by Julie Kavanagh ‧ RELEASE DATE: May 20, 1997
A slavishly detailed but lightsomely written life of the British ballet-maker. Kavanagh, London editor of the New Yorker, explains in an afterword that Ashton alternately authorized and forbade her project, chagrined to be reminded by her of his mortality. ""It's the finality of it--knowing you're grabbing as much out of me as you can before I die,"" he once complained. And she has grabbed it. The intelligence and novelistic command of this book about the man who helped to invent modern English ballet is equaled only by the depth of Kavanagh's research. Her enviable ease and glamorous settings range from Ashton's first glimpse, as a boy in Lima, Peru, of Anna Pavlova, to his apprenticeship with Bronislava Nijinska in Paris in the '20s, to his American stints and sundry European wanderings, and his irrepressibly multiple sexual selves. We're treated to the chronicle of Ashton's dances (Les Patineurs, A Wedding Bouquet, Monotones, et al.) as he worked with Marie Rambert of the Ballet Club and Ninette de Valois of the Vic-Wells Ballet (later the Royal Ballet, which he eventually directed). And we're regaled with his legendary late-night wit. Kavanagh reports high times in the '30s: ""Spotting a minor playwright performing fellatio on a major playwright in a comer of a typical theatrical party, Ashton quipped to Bunny Roger, 'Look! There's K--trying to suck some talent out of E--.' ""Her secondary characters alone seem reason enough to look for this life someday in a movie theater: Margot Fonteyn, Maynard Keynes, Jean Cocteau, Serge Diaghilev, Gertrude Stein, Rudolf Nureyev, and the Queen Mother. But in all the crush of this crowd, she also singles out Ashton for memorable, consistent portraiture. Gamin, crank, romantic, he ""was not a happy man,"" she says. ""Most of his adulthood was spent half-consciously seeking unrequited emotional situations."" Kavanagh explores them vividly. Both Ashton's wiles and his ballets make this irresistible reading.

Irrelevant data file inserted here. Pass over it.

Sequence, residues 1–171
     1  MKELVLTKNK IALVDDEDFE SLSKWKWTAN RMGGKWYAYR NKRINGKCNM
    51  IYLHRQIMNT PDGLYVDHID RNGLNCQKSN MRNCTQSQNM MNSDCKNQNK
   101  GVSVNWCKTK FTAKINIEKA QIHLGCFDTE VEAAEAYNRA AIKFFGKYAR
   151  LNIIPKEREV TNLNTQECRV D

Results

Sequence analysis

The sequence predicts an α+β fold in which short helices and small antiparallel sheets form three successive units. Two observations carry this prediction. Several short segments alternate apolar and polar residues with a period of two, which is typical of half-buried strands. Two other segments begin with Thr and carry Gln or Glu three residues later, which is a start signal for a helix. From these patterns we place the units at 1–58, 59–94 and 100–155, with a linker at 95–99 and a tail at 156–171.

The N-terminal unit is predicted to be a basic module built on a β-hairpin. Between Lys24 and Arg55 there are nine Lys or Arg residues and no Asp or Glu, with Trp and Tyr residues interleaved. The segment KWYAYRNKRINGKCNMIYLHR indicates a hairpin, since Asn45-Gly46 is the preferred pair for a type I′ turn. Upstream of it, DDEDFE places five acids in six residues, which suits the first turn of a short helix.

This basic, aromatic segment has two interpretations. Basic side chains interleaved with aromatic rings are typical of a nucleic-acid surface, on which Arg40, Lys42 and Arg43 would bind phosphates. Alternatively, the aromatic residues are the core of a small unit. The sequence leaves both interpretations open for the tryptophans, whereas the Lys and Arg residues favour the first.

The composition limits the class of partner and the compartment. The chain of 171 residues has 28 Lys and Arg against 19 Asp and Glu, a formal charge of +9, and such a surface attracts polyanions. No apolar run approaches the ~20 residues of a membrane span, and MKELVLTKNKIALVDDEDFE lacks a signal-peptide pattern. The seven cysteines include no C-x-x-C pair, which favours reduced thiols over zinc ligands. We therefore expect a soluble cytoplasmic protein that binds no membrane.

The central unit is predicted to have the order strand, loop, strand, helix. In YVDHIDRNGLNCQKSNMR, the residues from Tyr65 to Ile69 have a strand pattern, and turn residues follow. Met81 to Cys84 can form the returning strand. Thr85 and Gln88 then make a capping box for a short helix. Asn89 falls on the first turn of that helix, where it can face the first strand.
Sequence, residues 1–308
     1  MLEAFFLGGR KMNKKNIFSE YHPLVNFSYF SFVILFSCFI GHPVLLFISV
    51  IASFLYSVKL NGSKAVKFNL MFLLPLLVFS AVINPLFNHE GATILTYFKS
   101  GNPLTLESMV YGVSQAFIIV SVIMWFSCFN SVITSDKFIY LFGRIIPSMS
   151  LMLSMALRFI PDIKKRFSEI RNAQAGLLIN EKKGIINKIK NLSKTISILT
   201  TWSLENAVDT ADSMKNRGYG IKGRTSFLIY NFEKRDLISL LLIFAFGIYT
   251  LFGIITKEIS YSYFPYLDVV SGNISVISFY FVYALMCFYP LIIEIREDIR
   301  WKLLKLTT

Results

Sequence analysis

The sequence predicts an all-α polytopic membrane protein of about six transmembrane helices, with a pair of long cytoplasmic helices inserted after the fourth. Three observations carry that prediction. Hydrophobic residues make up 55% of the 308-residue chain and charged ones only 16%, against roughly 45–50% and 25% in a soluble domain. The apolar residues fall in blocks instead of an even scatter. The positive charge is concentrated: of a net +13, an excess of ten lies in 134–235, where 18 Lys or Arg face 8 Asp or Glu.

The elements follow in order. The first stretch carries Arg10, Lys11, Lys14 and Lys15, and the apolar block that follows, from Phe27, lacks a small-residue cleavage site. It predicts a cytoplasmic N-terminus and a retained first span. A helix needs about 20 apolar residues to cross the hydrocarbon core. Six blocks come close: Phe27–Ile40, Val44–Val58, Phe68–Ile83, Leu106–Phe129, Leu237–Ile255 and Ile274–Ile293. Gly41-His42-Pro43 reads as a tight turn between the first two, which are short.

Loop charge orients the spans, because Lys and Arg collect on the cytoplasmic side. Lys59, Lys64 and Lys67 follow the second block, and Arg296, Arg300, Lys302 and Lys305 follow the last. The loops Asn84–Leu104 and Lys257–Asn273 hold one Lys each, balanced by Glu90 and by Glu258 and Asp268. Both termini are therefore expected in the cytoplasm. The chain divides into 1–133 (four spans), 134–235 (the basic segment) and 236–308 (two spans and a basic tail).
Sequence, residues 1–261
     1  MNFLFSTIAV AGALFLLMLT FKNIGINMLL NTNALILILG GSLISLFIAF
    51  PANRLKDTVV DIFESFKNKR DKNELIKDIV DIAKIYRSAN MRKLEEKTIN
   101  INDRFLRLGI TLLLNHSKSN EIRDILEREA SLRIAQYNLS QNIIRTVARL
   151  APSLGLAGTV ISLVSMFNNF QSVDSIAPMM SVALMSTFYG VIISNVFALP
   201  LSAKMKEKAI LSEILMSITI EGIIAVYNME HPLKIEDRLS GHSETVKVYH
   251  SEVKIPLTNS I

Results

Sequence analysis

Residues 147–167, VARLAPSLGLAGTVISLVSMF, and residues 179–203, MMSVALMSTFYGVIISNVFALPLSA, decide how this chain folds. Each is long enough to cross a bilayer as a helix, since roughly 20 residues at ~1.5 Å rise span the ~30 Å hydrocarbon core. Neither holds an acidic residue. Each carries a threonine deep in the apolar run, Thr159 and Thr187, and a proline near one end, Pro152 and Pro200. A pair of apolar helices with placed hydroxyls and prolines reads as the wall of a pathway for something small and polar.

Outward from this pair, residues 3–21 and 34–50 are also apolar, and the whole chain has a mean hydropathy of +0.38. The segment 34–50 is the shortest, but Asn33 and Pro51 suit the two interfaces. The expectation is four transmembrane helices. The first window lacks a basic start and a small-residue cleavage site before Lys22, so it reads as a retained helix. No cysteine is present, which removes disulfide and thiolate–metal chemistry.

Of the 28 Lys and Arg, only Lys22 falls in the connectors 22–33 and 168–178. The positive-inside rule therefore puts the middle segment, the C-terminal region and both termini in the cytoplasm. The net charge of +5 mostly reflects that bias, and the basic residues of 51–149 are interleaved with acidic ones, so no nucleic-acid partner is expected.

Pub Date: May 20, 1997
Page Count: 656
Review Posted Online: N/A
Kirkus Reviews Issue: April 15, 1997
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